Paul Rudd’s Scott Lang sat out the most recent Avengers movie, one of only a handful of characters to skip the Infinity War.
So what was he up to?
Rather low stakes stuff as it turns out. Scott is under house arrest and has no contact with original Ant Man Hank Pym (Michael Douglas) or new Wasp Hope Van Dyne (Evangeline Lilly) since Scott left for Germany in Civil War. Scott’s actions had repercussions for Hank and Hope too, but when it comes up that working together the three may be able to retrieve original Wasp Janet Van Dyne (Michelle Pfeiffer) from the subatomic quantum zone, Hank and Hope grab Scott for some more shrinking and growth shenanigans. Unfortunately, a phasing mystery figure known as Ghost, other criminals, and the FBI–because Ant Man is apparently the only Marvel hero who actually has to answer to the Sokovia Accords–are also looking to get Scott, Hope, Hank, or Hank’s research for various reasons that just make what might seem like a simple retrieval mission a lot more difficult.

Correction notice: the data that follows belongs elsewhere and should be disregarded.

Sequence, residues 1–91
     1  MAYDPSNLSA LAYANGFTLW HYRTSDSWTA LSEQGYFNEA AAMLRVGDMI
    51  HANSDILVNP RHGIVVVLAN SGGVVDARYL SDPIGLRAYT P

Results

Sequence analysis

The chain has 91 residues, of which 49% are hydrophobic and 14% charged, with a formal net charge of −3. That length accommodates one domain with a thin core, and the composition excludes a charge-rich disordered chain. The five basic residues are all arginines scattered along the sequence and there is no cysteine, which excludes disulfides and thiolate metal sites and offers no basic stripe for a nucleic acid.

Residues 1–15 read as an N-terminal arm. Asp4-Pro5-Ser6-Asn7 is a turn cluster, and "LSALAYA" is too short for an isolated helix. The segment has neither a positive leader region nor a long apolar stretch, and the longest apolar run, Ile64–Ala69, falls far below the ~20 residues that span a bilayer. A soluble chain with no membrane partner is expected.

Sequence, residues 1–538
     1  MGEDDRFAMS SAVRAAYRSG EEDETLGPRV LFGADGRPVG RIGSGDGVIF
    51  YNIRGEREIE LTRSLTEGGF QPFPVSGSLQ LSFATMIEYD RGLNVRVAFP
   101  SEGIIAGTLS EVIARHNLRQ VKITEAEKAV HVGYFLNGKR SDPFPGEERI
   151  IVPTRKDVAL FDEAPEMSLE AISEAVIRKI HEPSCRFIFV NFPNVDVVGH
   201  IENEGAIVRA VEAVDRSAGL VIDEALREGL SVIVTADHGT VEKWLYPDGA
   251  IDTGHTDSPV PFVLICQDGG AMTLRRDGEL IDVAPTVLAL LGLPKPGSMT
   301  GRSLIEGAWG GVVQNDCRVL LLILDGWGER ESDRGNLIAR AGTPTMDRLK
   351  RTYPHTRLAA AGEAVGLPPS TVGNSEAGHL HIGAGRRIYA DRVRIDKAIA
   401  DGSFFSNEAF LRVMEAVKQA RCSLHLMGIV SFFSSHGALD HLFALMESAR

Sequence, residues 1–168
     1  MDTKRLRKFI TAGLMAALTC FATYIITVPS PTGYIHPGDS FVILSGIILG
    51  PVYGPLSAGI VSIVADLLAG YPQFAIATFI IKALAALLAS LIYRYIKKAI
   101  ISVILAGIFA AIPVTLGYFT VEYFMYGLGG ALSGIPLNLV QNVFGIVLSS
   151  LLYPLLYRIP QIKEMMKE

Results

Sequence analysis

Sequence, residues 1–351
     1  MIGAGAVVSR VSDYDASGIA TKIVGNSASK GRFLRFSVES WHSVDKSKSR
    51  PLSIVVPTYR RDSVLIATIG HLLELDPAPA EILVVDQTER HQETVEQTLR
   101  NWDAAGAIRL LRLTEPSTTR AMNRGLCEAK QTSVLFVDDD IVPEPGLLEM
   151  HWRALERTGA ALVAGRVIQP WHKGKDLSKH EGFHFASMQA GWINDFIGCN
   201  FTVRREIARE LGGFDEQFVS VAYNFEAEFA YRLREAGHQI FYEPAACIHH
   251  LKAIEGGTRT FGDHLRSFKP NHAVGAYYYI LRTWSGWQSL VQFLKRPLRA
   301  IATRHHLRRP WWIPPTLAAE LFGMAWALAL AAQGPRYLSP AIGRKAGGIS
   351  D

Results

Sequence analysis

Ant Man and the Wasp is fine enough. Director Peyton Reed had a clean slate this time around without any story ideas left over from Edgar Wright. It largely works, and the shrinking, growing, and phasing effects make for neat combat and comedy scenes. After some of the heavier films in the last few MCU movies, it is nice to have something a bit lighter instead. It was fun enough for a good time, though not as great as some of the other recent MCU movies that have come out. Eight out of ten giant ants.